Defying the stereotype: non-canonical roles of the peptide hormones guanylin and uroguanylin
- Department of Molecular Reproduction, Development and Genetics, Indian Institute of Science, Bangalore, India
The peptide hormones uroguanylin and guanylin have been traditionally thought to be mediators of fluid–ion homeostasis in the vertebrate intestine. They serve as ligands for receptor guanylyl cyclase C (GC-C), and both receptor and ligands are expressed predominantly in the intestine. Ligand binding to GC-C results in increased cyclic GMP production in the cell which governs downstream signaling. In the last decade, a significant amount of research has unraveled novel functions for this class of peptide hormones, in addition to their action as intestinal secretagogues. An additional receptor for uroguanylin, receptor guanylyl cyclase D, has also been identified. Thus, unconventional roles of these peptides in regulating renal filtration, olfaction, reproduction, and cell proliferation have begun to be elucidated in detail. These varied effects suggest that these peptide hormones act in an autocrine, paracrine as well as endocrine manner to regulate diverse cellular processes.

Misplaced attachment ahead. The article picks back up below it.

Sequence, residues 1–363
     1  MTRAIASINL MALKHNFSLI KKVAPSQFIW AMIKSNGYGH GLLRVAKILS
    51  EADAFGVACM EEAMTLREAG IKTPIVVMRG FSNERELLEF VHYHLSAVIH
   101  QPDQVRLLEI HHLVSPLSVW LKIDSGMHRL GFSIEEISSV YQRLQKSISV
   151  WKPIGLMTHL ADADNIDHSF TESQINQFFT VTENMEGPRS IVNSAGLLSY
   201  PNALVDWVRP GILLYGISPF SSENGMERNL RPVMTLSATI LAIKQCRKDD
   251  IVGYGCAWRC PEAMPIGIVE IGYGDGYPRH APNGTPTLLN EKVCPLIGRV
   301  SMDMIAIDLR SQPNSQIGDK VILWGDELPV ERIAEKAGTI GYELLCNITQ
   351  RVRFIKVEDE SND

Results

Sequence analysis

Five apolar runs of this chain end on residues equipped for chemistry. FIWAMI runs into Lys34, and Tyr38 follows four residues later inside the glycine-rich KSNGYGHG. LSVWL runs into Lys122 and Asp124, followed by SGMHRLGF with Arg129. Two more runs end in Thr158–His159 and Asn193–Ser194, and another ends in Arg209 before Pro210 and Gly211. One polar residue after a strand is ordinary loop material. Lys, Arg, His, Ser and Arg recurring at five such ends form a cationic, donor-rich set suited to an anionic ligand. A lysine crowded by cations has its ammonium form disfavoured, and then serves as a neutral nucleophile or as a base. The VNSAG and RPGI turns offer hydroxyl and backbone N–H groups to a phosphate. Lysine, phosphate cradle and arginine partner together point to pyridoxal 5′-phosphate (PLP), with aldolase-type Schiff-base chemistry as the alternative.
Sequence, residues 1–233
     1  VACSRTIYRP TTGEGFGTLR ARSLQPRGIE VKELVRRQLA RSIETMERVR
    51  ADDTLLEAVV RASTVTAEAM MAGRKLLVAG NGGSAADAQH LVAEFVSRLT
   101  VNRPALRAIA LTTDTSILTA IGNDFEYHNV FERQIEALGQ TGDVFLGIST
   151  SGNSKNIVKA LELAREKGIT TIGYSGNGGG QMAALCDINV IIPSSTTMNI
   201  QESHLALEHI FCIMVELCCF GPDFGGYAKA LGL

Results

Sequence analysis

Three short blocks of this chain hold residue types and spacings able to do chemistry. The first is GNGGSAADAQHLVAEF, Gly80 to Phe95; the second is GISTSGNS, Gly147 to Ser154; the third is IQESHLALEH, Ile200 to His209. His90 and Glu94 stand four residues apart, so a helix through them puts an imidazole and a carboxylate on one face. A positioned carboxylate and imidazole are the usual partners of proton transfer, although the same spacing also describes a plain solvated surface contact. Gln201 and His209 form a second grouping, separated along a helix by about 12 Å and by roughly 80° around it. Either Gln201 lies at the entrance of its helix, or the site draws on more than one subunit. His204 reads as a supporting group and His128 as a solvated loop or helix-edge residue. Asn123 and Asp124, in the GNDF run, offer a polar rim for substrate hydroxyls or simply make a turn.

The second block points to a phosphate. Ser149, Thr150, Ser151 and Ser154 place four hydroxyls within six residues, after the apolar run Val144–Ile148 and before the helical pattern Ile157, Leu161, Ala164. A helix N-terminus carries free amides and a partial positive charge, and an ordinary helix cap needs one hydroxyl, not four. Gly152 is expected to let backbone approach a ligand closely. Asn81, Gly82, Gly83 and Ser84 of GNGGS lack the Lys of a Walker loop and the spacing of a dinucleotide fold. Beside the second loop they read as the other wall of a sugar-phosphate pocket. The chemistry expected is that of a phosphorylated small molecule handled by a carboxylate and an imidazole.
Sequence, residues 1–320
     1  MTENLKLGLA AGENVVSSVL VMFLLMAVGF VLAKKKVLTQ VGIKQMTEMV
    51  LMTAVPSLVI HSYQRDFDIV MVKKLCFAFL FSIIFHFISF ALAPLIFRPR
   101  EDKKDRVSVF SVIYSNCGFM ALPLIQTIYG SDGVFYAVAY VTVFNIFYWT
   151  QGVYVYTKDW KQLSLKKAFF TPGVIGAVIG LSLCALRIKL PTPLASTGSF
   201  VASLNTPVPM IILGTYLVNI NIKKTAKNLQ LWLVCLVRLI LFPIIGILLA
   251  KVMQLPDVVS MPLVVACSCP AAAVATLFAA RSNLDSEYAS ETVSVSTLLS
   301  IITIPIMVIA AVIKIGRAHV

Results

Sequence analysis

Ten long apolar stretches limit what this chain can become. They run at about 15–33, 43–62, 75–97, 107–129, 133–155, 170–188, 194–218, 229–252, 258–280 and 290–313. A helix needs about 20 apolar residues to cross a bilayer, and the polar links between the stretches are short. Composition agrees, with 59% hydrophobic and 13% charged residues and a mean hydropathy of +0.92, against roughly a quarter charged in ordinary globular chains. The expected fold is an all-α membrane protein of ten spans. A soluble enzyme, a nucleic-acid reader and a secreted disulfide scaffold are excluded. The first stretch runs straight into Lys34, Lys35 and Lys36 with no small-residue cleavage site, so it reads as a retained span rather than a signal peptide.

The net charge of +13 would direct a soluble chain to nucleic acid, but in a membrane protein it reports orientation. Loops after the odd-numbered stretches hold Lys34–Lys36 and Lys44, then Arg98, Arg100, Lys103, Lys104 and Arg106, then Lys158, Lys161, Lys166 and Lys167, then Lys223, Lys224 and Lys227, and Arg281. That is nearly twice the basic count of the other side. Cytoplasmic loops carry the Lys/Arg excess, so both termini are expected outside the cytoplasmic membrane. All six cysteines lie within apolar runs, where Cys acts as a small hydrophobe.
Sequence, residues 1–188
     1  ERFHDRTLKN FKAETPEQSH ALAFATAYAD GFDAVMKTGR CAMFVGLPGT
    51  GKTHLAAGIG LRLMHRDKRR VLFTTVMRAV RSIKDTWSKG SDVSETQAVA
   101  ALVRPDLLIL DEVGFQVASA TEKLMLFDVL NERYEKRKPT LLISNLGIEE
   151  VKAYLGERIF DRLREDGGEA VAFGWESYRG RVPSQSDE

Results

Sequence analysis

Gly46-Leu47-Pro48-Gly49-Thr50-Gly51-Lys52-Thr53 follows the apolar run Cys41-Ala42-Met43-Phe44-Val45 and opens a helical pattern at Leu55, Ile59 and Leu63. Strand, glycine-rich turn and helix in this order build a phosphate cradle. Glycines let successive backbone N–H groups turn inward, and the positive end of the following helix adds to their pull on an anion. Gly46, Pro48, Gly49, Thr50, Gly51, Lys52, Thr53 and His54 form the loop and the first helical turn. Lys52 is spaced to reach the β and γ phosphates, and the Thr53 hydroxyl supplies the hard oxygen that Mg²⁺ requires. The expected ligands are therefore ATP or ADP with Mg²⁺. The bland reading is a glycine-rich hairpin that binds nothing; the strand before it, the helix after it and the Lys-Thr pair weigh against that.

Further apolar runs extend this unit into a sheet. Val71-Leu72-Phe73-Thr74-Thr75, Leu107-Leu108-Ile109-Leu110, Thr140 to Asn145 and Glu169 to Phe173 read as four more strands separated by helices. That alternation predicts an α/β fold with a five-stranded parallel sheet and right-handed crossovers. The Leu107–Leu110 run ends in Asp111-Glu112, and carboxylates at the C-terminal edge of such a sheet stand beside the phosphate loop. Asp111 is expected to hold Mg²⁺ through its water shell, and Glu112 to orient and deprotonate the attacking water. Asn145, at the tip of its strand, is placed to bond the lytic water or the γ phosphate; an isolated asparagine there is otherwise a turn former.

Keywords: guanylin, uroguanylin, receptor guanylyl cyclase, GC-C, GC-D
Citation: Basu N and Visweswariah SS (2011) Defying the stereotype: non-canonical roles of the peptide hormones guanylin and uroguanylin. Front. Endocrin. 2:14. doi: 10.3389/fendo.2011.00014
Received: 24 April 2011;
Accepted: 26 May 2011;
Published online: 15 June 2011.
Copyright: © 2011 Basu and Visweswariah. This is an open-access article subject to a non-exclusive license between the authors and Frontiers Media SA, which permits use, distribution and reproduction in other forums, provided the original authors and source are credited and other Frontiers conditions are complied with.
*Correspondence: Sandhya Srikant Visweswariah, Department of Molecular Reproduction, Development and Genetics, Indian Institute of Science, Bangalore 560012, India. e-mail: firstname.lastname@example.org